average annual temperature of 27°C and average annual rainfall of 2422 mm. Nagpur is the winter capital of Maharashtra and the third largest city in the State. It is predicted to be the 5th fastest growing city in the world from 2019 to 2035 with an average growth of 8.41%. It also marks the geographical center of India. The average annual temperature of Nagpur is 26°C and the average annual rainfall that the city receives is 1092 mm. The climate of Nagpur is tropical. The third location where VOCs were monitored was Pune. Pune is located on the western part of the Deccan Plateau at an altitude of 560m above sea level. The city is widely known for its educational research institutes as well as institutes for information technology, management and training which attract students and professionals from all over India and overseas. The climate of Pune can be described as hot and semi-arid bordering on tropical wet and dry. The average annual temperatures are in the range of 20°C to 28°C. The average annual rainfall is 722 mm.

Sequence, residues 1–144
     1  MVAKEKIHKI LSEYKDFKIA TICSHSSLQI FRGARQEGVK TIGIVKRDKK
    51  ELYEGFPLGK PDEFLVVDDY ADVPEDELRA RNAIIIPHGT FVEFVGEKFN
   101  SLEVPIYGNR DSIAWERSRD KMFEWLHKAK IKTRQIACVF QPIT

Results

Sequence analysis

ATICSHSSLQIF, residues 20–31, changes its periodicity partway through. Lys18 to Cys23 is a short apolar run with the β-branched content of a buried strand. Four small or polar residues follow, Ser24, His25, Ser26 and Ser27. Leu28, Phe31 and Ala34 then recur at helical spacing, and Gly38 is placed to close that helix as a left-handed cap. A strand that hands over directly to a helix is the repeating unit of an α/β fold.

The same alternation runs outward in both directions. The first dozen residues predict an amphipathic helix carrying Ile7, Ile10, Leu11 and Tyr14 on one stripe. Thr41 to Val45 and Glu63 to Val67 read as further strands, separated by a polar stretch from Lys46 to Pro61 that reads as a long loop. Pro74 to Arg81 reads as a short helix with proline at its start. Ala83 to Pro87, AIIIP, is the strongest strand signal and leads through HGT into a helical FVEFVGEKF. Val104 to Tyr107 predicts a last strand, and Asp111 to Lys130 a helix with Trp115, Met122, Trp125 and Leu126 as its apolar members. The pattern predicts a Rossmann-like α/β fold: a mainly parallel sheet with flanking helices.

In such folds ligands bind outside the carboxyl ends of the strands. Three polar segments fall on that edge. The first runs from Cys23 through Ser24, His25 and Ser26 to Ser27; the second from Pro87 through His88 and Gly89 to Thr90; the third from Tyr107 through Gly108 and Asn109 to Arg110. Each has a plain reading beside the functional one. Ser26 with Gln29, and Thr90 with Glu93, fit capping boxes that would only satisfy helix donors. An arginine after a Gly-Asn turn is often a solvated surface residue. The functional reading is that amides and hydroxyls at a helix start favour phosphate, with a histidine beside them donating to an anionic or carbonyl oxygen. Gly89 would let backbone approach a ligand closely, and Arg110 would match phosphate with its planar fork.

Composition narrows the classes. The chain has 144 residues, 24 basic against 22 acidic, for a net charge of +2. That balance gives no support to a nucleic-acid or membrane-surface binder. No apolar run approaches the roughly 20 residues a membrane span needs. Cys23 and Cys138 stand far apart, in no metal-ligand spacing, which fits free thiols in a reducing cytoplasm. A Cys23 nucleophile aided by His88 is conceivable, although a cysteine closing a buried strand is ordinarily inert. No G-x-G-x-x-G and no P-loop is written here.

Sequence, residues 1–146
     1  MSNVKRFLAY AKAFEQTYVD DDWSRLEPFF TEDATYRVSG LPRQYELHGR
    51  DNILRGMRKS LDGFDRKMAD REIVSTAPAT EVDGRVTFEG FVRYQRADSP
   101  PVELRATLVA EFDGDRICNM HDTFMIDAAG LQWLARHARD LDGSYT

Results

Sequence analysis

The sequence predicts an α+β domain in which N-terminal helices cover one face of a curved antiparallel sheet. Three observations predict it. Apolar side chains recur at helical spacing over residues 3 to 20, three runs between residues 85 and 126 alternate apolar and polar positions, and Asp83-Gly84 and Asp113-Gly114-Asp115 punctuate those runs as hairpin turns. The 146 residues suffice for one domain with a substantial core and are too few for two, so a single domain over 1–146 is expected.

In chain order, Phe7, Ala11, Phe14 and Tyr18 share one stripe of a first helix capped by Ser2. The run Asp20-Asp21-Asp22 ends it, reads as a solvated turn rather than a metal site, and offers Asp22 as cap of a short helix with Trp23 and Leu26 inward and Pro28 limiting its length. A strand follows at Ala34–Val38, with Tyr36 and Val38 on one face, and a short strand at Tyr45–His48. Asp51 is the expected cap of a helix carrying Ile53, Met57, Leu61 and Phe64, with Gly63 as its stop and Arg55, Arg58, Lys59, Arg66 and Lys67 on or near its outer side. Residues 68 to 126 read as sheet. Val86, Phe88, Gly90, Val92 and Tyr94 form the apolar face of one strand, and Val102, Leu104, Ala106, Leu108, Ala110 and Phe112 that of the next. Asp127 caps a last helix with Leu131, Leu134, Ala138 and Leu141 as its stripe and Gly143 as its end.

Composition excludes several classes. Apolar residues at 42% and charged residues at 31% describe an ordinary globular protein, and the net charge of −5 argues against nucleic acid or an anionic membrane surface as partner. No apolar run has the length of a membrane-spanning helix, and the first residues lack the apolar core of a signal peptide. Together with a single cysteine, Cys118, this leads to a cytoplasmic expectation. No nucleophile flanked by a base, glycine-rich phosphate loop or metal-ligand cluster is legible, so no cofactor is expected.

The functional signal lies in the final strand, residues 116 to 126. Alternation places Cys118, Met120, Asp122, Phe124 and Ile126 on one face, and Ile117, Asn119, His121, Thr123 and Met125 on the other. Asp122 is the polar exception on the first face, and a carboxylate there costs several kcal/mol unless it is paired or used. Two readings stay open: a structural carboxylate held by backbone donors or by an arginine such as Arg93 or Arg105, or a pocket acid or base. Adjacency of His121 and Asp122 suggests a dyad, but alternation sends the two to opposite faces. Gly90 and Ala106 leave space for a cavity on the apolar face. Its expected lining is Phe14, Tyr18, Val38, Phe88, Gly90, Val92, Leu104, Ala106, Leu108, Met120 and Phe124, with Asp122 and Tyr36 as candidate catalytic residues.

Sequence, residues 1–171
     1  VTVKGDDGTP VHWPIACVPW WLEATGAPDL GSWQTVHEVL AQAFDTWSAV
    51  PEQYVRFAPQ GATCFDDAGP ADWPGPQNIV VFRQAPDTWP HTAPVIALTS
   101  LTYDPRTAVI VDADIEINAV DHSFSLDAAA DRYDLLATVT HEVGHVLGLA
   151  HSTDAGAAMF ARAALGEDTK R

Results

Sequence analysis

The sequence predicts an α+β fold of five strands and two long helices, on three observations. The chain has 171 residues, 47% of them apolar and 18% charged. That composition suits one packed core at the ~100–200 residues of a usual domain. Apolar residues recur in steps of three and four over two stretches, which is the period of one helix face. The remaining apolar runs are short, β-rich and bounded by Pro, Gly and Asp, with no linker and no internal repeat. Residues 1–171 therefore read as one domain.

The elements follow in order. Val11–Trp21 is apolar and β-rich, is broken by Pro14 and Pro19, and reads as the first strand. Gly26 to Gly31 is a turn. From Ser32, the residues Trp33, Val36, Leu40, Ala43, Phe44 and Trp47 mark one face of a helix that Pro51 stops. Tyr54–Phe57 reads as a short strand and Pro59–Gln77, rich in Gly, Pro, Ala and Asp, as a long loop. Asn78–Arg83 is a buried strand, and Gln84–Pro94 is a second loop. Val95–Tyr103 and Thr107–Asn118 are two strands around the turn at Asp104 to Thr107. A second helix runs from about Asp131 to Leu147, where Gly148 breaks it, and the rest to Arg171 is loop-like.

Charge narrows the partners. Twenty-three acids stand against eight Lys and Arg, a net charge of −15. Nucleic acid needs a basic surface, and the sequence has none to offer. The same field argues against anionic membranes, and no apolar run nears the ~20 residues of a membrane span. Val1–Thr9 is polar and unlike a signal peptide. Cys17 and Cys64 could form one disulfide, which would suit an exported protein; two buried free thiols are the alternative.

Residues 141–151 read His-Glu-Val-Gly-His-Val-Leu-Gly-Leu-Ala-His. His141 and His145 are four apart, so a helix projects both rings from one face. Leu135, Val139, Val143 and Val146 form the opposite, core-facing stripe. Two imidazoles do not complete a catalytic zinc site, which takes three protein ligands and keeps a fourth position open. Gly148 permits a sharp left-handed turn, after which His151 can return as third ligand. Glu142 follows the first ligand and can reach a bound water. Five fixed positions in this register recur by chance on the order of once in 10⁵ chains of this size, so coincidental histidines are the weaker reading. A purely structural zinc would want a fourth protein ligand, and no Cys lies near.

Analysis of concentrations of BTX recorded at sampling locations situated in three metropolitan cities in Maharashtra, viz. Mumbai, Nagpur and Pune was carried out. Mumbai is a cosmopolitan metropolis and the capital of Maharashtra and is located on the west coast of the Indian subcontinent. Being a rapidly developing metropolis, Mumbai is a hub for technological, industrial, commercial, and port activity.